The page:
Friday, June 21, 2013

Screamin' Oaks Farm: Tonganoxie, Kansas

Tonganoxie is west of Kansas City by about an hour.  It wasn't far from us when we lived at Fort Leavenworth.  Screamin' Oaks is a private farm of sorts, little more than a house and a barn and several animals, and is run by a lady who makes stuff from goat's milk.  Visits must be scheduled in advance, whether for your family or a school or social group.  It's a great little place to take Cub Scouts or Brownies, or a MOPs or preschool group.

The kids got a chance to see turtles.



And they got up close and personal with a turkey.  He had kind of an attitude.


 Actually the turkey and two outcast roosters roamed the place like some sort of gang.  They took themselves waaaay too seriously and made a hilarious posse.  All they need were tattoos.






The kids got a kick out of feeding the chickens.


The farm is named "Screaming Oaks" for the peacocks.  If you don't know what a peacock sounds like, well, go there and find out.


This donkey held long conversations with a horse a pen over.  Like, for reals.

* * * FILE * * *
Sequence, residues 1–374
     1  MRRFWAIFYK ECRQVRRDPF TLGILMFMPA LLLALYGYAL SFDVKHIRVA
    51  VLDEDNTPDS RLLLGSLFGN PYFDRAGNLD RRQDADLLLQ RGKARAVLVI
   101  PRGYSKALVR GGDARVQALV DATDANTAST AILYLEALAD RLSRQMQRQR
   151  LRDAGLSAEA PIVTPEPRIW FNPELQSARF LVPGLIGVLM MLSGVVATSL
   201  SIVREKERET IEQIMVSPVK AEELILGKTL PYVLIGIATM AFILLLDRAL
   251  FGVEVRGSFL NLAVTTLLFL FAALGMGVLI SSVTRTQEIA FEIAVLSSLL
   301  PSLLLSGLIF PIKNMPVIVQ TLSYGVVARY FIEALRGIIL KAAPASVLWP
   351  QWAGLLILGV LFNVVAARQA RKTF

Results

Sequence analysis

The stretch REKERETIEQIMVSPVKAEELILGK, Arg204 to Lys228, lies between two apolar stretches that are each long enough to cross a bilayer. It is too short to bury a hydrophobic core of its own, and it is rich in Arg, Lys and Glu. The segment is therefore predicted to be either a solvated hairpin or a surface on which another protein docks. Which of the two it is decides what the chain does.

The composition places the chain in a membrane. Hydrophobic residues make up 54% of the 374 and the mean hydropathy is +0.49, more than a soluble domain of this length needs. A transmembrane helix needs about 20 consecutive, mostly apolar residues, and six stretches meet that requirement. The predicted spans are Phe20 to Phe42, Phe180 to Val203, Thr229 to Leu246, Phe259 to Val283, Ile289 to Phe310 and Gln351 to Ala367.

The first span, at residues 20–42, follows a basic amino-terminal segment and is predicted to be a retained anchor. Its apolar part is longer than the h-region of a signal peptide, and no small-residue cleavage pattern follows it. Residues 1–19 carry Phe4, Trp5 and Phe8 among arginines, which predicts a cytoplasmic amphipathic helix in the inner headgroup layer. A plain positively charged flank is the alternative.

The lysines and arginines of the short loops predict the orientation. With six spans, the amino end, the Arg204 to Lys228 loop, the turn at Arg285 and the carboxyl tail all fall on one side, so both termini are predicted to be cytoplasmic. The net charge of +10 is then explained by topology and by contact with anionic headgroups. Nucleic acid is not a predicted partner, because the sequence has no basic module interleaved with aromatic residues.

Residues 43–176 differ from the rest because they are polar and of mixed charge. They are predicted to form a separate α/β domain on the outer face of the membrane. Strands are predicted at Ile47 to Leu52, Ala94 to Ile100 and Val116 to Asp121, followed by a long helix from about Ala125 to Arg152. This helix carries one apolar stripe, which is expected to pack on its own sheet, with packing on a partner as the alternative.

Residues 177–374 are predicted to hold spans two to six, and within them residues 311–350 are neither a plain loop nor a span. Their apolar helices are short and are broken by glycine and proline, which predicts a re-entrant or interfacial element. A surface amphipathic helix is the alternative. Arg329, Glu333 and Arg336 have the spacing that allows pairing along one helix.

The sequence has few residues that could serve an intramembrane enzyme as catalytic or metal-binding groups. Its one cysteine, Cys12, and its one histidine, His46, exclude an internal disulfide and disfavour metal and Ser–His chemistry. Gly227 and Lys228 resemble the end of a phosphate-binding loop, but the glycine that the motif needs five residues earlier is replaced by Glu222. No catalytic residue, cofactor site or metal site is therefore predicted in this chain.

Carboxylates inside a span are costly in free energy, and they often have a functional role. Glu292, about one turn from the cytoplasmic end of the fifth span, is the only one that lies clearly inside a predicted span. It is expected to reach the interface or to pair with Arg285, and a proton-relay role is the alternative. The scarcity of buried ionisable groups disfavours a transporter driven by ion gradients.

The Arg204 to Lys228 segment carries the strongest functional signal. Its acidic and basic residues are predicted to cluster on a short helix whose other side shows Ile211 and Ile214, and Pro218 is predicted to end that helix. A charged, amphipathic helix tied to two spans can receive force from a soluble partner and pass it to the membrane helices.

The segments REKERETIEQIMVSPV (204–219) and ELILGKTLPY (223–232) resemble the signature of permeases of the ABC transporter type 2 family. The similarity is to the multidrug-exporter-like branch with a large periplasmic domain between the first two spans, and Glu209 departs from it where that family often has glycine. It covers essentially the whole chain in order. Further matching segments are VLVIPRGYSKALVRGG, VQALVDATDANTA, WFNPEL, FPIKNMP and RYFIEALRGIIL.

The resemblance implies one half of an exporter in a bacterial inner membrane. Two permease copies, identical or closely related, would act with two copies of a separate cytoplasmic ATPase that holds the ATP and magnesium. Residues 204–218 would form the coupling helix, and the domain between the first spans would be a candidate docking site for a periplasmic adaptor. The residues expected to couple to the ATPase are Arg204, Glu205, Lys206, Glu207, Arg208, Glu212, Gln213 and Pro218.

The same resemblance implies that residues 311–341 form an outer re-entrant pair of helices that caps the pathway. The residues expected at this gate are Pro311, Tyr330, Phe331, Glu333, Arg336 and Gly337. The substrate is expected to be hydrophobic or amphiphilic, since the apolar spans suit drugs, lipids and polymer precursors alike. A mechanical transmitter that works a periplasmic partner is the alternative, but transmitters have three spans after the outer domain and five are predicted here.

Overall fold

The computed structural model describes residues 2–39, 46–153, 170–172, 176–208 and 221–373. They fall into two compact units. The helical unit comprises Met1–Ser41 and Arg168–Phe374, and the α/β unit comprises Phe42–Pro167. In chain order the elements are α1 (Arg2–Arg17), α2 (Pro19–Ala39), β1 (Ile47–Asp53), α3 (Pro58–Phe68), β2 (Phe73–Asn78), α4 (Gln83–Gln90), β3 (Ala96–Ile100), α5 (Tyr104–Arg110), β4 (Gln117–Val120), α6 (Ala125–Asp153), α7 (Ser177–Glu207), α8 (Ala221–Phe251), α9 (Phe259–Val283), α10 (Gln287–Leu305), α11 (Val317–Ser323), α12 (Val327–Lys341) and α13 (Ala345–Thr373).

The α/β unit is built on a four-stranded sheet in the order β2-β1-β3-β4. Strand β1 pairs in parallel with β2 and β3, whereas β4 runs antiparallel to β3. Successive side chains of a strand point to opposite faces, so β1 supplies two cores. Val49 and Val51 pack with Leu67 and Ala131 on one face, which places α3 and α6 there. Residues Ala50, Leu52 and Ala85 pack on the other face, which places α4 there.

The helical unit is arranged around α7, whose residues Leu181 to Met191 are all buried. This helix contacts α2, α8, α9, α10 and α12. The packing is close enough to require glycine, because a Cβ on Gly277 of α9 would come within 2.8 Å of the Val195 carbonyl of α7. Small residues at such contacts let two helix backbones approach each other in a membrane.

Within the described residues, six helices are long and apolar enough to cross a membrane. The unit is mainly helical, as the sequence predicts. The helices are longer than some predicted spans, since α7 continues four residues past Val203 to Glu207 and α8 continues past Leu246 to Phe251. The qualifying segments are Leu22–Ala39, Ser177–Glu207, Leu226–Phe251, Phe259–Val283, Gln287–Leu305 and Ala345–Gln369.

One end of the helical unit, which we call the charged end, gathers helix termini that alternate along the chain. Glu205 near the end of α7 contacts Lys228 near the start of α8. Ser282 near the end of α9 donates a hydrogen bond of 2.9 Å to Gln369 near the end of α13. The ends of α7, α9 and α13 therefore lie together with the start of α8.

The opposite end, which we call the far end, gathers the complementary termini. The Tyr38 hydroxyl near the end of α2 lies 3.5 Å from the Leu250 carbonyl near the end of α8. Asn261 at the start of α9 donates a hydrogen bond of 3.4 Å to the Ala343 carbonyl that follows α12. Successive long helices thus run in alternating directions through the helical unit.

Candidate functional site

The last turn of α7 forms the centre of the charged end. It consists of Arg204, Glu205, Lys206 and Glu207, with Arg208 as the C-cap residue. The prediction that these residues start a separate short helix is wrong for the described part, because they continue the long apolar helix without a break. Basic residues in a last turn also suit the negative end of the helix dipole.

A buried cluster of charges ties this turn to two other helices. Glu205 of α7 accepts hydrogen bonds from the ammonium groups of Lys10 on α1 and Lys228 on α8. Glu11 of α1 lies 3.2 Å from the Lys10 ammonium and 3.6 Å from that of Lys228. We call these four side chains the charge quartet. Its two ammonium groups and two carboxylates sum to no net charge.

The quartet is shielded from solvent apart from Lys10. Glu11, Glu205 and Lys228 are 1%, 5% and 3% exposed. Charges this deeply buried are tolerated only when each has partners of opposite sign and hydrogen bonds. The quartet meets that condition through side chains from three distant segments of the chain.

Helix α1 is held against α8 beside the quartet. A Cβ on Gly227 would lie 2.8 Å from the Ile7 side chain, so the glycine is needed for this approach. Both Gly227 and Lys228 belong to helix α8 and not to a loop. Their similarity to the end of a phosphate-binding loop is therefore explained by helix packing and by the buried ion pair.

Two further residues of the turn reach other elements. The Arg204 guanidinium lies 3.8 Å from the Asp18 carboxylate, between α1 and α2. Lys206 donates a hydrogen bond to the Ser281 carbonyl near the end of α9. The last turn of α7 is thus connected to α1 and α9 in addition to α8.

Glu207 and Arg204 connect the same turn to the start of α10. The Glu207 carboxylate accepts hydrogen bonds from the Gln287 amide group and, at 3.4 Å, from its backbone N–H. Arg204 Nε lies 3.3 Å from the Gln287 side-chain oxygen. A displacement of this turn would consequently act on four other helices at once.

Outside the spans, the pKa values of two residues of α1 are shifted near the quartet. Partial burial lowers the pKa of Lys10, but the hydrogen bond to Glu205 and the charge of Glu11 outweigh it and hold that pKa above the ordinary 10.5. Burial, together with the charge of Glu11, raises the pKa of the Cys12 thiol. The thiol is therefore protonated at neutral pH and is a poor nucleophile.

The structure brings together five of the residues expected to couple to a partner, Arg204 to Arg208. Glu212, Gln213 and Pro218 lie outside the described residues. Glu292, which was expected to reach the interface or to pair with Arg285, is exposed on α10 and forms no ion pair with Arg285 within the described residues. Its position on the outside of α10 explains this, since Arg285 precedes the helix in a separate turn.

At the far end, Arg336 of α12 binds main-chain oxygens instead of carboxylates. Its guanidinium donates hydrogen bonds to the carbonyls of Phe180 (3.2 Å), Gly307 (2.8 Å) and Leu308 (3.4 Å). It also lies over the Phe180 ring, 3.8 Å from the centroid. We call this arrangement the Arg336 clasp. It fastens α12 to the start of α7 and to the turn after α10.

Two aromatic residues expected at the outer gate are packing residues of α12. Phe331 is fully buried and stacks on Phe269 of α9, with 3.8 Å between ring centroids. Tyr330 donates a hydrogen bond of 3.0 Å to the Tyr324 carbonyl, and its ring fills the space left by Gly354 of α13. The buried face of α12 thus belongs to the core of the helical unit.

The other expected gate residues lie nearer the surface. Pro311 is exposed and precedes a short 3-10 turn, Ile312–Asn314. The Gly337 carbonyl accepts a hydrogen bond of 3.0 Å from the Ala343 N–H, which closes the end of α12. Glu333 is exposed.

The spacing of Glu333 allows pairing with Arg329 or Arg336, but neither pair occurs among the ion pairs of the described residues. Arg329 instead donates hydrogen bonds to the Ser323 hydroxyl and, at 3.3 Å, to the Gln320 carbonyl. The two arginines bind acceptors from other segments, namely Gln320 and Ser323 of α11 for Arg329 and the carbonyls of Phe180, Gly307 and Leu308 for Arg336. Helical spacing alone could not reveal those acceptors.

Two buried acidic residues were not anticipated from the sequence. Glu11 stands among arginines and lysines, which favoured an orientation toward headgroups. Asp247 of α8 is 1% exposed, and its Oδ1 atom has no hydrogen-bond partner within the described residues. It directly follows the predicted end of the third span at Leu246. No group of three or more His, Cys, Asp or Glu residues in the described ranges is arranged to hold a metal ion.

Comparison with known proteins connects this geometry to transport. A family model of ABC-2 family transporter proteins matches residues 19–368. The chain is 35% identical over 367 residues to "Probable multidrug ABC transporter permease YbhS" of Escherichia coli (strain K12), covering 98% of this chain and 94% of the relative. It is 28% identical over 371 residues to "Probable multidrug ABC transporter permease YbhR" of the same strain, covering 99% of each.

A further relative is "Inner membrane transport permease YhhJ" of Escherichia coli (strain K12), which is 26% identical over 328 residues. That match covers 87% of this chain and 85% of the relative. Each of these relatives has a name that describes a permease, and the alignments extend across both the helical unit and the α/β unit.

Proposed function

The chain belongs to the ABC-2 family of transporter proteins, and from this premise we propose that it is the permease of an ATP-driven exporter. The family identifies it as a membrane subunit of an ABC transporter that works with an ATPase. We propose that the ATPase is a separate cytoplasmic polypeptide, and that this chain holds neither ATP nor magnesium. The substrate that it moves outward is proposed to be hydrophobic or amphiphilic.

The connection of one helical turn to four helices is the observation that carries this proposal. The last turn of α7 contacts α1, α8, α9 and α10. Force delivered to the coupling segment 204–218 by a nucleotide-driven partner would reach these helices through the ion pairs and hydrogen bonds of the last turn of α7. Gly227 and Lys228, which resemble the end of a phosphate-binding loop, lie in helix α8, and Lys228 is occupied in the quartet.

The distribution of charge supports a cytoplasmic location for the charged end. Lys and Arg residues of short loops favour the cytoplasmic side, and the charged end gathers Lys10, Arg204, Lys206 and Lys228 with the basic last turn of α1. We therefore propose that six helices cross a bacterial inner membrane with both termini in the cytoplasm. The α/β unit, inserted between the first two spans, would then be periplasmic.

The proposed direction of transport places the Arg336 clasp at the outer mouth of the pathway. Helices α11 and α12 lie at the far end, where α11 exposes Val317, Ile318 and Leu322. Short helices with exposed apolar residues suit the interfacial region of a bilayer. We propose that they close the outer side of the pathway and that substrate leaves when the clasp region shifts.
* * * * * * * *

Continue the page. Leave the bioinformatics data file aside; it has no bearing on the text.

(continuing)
This is Natalie after being told her ice cream was made from goat's milk.  They had chocolate and pumpkin flavors on-hand.  Both got a thumbs up.  Mike and I also bought some tomato and basil goat cheese which was great on crackers.


All the kids got a chance to milk a goat, and we learned all sort s of cool goat facts about how goats are named (the first letter should tell you the year they were born).


Natalie was astute enough to observe that goat are different from cows because they only have "2 nozzles."




Some of the things we learned about goats and their milk is that around the world, goat milk is more common than cow's milk.  It's gentler on the stomach and is often tolerable to people with lactose problems.  Tastes pretty yummy, too.

Wednesday, June 19, 2013

Wayside Wednesday: Combat Air Museum, Topeka

After hitting the Oz Museum in Wamego, we took a circuitous route back home by way of Topeka, and stopped at the Combat Air Museum.

It's kind of a run down place as far as air museums go.  It's $6 per adult and $4 for kids over 4, but if you or your kids like planes and you need a break on a road trip, it's a good pit stop.


They did have a fair amount of World War I planes, which you don't see at most places.


Otherwise it was standard air-museum stuff, only with a lot more rust.





She's either trying to launch nukes or order pizza...




Monday, June 17, 2013

Oz Museum in Wamego, Kansas

The official Oz Museum is located in Wamego, Kansas.  Not much else is in Wamego, to be honest, but we had a groupon, so off we went one day.  It's on the main drag through downtown.  Blink and you'll miss it.